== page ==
Technically, it is interesting to see an EeePC running Google’s Andriod software. There are advantages: smaller foot print, better power management and definitely easier to modify than other operating systems so far to fit the computer since an EeePC is likely to have more resources than you most high spec glorified PDA, i.e., smartphone). That is why Brighthand’s report on Asus working on an Andriod-powered Eee PC is interesting.
The business side of me thinks that the product stands a chance of becoming a reality. I believe one model will go to market, if only to test whether there is a market for it. However, I still feel that it is going more as a tool to put pressure on Microsoft and other vendors to lower their price.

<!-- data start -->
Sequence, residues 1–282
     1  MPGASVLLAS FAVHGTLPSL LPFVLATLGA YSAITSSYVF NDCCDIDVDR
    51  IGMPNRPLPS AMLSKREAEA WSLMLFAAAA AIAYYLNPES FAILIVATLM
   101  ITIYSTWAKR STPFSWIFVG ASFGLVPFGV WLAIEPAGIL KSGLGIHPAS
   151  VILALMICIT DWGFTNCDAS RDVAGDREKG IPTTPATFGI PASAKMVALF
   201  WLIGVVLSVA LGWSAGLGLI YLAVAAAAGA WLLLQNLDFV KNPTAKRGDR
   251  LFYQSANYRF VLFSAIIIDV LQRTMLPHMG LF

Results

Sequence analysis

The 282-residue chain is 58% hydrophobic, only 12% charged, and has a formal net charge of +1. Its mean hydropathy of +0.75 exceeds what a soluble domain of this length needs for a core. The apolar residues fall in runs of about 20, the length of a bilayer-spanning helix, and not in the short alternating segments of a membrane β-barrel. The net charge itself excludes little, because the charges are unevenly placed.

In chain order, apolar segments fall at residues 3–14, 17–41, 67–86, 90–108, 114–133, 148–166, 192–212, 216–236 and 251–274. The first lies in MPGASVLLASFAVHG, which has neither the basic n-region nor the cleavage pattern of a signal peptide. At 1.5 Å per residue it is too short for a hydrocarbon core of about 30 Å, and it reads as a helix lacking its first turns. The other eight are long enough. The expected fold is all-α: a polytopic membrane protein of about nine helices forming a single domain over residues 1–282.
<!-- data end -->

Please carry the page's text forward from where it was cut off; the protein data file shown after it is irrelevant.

Microsoft is known to compete really agressively if need be. It is part of the strength of that company that it reverse its decision really quickly if it senses that it might be losing. Witness the resurrection of Windows XP from death and the price slash for this market segment.
Asus might be hoping to repeat this feat again. To do this it must have a credible threat. This means ability to put other operating systems on their computers. First stop? Building up expertise in using alternative operating systems. It started with Linux, now it is trying its hand on Android. That is why the management tolerate experimentation with other operating systems, given the threat to other lines of more expensive PC Asus sells that Microsoft can put to bear.
It is a risky game for a hardware builder to antagonise its major and bigger supplier, but might just succeed. If any, might put a cross hair on itself as a Microsoft acquisition target to get it out of business and protect Microsoft’s interest. Business is business and that is certainly a good way to go out of business, as far as shareholders are concerned.